Anomaly detection is a field with a large number of algorithms that solve the problem of distinguishing between normal and anomalous instances in a wide variety of ways [4, 35]. Depending on the assumptions made and the processes they employ, we can distinguish between five main types of methods: probabilistic, distance-based, information theory-based, boundarybased, and reconstruction-based methods. Among the latter are autoencoder networks (AE) [36], one of the most widely used models. AE are a type of self-associative neural network whose output layer seeks to reproduce the data presented to the input layer after having gone through a dimensional compression phase. In this way, they manage to obtain a representation of the input data in a space with a dimension smaller than the original, learning a compact representation of the data, retaining the important information, and compressing the redundant one.

One of the requirements of our proposed pipeline is to generate a normality score for each review. This score will allow us, among other things, to order the different reviews by their level of normality. When AE networks are used in anomaly detection scenarios, the classification is usually carried out based on the reconstruction error that they emit to reproduce in its output the embeddings of the reviews it receives as inputs, which represents the level of normality of the evaluated instance. This reconstruction error can be used as the normality score we are looking for.

Due to the speed of its training, we have decided to use DAEF (Deep Autoencoder for Federated learning) [26] as our anomaly detection model. Unlike traditional neural networks, DAEF trains a deep AE network in a non-iterative way, which drastically reduces its training time without losing the performance of traditional (iterative) AEs. The proposed pipeline uses DAEF to calculate the embeddings of the reviews, being able to issue a normality score associated with each of the review classifications.

3.3. Explainability

As black-box ML models are mainly being employed to make important predictions in critical contexts, the demand for transparency is increasing. The danger is in creating and using decisions that are not justifiable, legitimate, or that do not allow obtaining detailed explanations of their behaviour. Explanations supporting the output of a model are crucial, moreover in fields such as medicine, autonomous vehicles, security, or finance.

When ML models do not meet any of the criteria imposed to declare them explainable, a separate method must be applied to the model to explain its decisions. This is the purpose of post-hoc explainability techniques [37], which aim at communicating understandable information about how an already developed model produces its predictions for any given input. Within these techniques, the so-called model-agnostic techniques are those designed to be plugged into any model with the intent of extracting some information from its prediction procedure.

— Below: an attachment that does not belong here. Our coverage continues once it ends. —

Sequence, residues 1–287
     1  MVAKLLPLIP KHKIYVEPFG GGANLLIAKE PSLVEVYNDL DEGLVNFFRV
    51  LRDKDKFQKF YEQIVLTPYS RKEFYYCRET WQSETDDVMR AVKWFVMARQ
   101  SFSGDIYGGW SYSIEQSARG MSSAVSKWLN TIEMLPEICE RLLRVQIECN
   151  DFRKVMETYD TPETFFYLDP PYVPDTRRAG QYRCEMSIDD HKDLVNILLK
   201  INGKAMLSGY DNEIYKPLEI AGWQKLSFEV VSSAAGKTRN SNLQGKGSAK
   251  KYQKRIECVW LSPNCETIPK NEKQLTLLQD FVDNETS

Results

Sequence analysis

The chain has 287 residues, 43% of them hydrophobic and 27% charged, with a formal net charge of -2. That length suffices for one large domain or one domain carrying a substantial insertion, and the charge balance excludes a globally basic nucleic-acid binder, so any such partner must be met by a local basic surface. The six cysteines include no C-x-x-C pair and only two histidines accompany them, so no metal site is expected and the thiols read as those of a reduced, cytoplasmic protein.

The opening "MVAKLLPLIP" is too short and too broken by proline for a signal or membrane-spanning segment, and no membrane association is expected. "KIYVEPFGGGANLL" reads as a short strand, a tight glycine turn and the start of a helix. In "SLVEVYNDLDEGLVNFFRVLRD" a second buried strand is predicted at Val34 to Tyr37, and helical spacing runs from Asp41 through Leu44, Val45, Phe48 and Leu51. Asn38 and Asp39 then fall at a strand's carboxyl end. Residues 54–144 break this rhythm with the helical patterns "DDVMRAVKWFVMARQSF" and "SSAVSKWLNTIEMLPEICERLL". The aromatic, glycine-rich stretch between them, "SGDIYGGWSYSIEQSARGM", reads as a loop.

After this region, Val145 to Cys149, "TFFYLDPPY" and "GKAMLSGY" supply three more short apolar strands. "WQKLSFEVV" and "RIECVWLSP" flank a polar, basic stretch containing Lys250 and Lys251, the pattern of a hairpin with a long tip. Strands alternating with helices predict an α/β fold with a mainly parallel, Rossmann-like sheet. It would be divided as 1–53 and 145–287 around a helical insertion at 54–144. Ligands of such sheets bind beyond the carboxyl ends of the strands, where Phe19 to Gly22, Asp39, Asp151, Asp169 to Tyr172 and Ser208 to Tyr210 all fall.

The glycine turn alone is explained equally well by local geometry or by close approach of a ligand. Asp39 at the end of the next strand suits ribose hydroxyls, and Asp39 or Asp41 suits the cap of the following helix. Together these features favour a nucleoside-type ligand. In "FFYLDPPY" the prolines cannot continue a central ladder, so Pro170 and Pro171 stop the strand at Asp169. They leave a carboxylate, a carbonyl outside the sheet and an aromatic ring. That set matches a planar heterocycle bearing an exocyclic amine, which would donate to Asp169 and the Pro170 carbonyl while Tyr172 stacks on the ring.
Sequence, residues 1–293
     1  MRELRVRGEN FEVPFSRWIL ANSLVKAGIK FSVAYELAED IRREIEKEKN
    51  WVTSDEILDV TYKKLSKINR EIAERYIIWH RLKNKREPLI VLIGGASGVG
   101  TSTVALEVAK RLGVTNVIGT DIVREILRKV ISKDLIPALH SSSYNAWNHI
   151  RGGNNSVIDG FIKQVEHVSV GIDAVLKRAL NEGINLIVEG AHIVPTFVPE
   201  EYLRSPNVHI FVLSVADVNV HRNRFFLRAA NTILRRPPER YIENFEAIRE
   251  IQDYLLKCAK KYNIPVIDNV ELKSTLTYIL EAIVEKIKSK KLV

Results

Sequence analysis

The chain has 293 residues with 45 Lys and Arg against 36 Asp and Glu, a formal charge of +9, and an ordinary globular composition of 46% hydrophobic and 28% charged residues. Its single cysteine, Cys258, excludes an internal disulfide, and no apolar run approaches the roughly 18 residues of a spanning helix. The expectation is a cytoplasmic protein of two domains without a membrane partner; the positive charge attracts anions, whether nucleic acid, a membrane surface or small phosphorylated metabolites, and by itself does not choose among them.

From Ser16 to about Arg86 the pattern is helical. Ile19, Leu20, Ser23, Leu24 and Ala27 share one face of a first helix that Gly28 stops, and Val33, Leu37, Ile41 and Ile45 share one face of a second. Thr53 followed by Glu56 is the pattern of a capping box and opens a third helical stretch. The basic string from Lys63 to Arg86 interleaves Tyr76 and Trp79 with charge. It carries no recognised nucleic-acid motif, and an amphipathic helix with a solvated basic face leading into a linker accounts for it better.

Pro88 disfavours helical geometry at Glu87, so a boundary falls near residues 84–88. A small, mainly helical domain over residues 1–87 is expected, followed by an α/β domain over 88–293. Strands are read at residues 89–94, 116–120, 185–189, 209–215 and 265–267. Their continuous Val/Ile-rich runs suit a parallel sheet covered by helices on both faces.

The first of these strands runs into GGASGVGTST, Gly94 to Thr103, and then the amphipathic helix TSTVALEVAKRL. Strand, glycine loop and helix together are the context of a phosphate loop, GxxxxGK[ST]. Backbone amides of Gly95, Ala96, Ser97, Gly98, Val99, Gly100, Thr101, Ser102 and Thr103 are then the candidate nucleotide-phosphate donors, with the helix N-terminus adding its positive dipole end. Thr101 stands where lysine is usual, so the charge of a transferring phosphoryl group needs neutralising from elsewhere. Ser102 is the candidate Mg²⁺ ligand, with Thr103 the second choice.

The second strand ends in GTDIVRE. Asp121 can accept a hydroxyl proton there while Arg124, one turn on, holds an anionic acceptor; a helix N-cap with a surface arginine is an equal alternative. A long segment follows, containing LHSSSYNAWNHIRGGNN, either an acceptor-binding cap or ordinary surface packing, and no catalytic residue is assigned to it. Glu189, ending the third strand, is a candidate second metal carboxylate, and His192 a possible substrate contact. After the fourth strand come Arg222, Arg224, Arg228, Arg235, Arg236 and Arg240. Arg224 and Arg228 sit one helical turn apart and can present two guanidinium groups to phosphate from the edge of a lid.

To generate the explanations we have implemented an approach based on a statistical analysis of the dataset. Based on the definitions of normal and anomalous review presented in Section 2, Our hypothesis assumes that normal reviews will always refer directly or indirectly to the target product so that there will be a list of terms used very frequently among normal texts. The appearance of one or more of these “normal” terms in a review would justify its classification by the system as normal. In the same way, anomalous reviews may be justified with the non-presence of said terms.

The original text reviews classified as normal using the AD model will be processed (tokenization, lemmatization and stopword removal) and analyzed to obtain the list of the top-n most frequent terms. This list of terms will be compared with the lists of frequent terms of other products in order to remove the terms they have in common, so that the final list for a product does not contain generic terms. This final list of terms will be used to generate the explanations. New reviews classified as normal will be searched for the presence of any of these terms. To make this search more flexible, it will also be analyzed if there are terms in the review semantically close to any of the words on the list. To quantify the closeness of two words, the cosine similarity emitted by the MPNet transformer model itself will be used as a measure of distance. Reviews classified as anomalous will be explained by the non-occurrence of terms from the list. Figure 2 represents an overall view of the pipeline considering the product “chocolate bars” as the normal class.

Figure 2: Proposed pipeline considering the product “chocolate bars” as the normal class.

In summary, in this work, we propose the use of this statistical analysis of the terms to generate the explanations associated with the classification of the reviews.

This paper is available on arxiv under CC 4.0 license.